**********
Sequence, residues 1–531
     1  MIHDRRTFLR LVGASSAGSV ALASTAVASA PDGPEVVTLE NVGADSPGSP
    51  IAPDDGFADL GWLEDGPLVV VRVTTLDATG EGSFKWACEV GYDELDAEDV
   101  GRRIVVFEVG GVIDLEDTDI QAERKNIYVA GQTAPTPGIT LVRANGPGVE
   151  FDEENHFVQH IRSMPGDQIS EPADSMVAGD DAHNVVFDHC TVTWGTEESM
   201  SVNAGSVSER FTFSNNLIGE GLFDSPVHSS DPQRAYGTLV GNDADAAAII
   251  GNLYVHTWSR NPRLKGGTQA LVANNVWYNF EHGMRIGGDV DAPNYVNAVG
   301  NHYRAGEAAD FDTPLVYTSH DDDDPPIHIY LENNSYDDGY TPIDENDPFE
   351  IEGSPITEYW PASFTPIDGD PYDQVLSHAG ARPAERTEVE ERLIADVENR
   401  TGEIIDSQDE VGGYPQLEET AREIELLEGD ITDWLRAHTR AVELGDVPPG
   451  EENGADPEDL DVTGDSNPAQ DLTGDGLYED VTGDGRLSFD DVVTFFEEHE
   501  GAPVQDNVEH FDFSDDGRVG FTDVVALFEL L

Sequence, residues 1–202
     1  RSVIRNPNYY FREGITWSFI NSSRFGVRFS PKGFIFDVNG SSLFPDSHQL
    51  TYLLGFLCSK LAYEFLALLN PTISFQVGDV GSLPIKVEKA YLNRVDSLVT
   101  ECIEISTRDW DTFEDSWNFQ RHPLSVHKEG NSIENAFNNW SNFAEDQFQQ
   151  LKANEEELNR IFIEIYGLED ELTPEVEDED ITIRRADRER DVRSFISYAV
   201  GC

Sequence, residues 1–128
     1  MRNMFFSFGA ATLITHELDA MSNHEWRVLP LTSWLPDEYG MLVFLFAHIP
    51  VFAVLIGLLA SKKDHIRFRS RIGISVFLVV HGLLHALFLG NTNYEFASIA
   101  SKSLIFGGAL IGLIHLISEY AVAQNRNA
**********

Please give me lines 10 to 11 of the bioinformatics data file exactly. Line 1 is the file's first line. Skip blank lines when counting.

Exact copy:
   401  TGEIIDSQDE VGGYPQLEET AREIELLEGD ITDWLRAHTR AVELGDVPPG
   451  EENGADPEDL DVTGDSNPAQ DLTGDGLYED VTGDGRLSFD DVVTFFEEHE